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Warn Aging Parents Now About Fake Package Shipping Scams

It’s that time of year when online shopping increases as families buy their holiday gifts online. Shipping of items ordered usually goes smoothly but sometimes glitches happen. That’s exactly what scammers know and try to use to their advantage. Some of our aging parents may not be on the lookout for fake messages sent to them about items they ordered. You can alert them.

How The Fake Messages Work

The scammers send bogus messages to your aging parents or loved ones by email or text. Your elder reads words that say they missed a delivery attempt. They are concerned as the gift they actually ordered might not get there when they wanted it to arrive. They get uncomfortable with that and this momentary worry prompts the person to click on a link to re-schedule the delivery. The fake message might also say that what they ordered is ready to ship but they need to “update their shipping preferences.” Subtle pressure is a threat that also triggers action. The message can say if you don’t respond right away, they’ll return the package to the sender. Too many unsuspecting folks fall for this and click on a link in the fake message. They then get direction to enter information to fix the problem.

Momentarily distracted and not thinking about it, your aging parent can enter personal or financial information, which is exactly what fraudsters want. Now they can steal identities, money or anything accessible with that personal information.

Other Dangers Of Fake Shipping Messages

The link your unsuspecting aging parent clicks on could also install harmful malware on their phone or computer that steals their information. Thieves can get things like usernames and passwords to online banking, email, or social media accounts. They use those to steal a person’s identity and open new accounts in the victim’s name.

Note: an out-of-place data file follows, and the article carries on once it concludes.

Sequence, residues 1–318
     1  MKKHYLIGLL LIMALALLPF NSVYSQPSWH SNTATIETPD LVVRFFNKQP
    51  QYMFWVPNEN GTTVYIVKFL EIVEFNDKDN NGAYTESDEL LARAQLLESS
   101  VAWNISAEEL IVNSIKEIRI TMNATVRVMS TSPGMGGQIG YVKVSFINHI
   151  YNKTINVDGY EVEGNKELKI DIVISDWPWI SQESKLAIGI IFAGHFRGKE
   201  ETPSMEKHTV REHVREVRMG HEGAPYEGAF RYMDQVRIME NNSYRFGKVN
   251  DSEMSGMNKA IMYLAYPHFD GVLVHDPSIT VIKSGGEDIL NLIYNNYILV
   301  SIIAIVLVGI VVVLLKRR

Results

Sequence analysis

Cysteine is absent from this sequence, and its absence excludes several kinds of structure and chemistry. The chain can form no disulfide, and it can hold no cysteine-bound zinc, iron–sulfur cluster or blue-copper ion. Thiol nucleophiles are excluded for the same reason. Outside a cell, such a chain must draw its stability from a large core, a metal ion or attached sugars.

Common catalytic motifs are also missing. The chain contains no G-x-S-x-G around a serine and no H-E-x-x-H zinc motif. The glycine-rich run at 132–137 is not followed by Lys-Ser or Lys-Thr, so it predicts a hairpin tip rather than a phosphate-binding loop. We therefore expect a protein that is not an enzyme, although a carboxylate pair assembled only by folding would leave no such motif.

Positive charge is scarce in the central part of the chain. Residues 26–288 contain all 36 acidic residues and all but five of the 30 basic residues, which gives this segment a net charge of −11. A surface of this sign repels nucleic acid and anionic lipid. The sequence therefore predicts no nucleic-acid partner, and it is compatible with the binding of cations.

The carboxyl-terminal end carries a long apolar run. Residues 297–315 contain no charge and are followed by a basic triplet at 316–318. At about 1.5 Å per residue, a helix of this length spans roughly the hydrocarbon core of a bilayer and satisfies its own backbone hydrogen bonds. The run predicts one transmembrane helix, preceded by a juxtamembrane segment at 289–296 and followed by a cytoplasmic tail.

Caution Your Aging Parents About What To Do And Not Do

Anyone can fall prey to these scams. But if we are alert ourselves and warn our aging loved ones who may not be as alert as younger family members, we can stop a scammer from succeeding. Here are suggestions about what to tell aging parents. If they’re even a bit forgetful and they do shop online, write these warnings down:

  1. If they get a message about an unexpected package delivery that tells them to click on a link for some reason, don’t click.
  2. If they did order something online and it hasn’t arrived as expected, advise them to contact the shipping company directly, using a phone number or website that is real. Never use the information in an email or text message. There is no way to tell easily if that message is for real.
  3. If they recently ordered anything online as millions of people do in increasing numbers over the holiday season, and they got a message about needing to click on a link, urge them to go to the site where they bought the item. They can check delivery progress there.

We are all better off if we are proactive in reaching out to aging loved ones about this scam, even if they are fully alert, educated and smart. No one is immune from getting tricked into these cleverly arranged scams. If fraudsters weren’t consistently successful, they’d stop. But the opposite is true. More fake messages get into folks’ inboxes and texts all the time and the holiday season is fruitful for thieves. A respectful warning from family members to all of our elders can really help.

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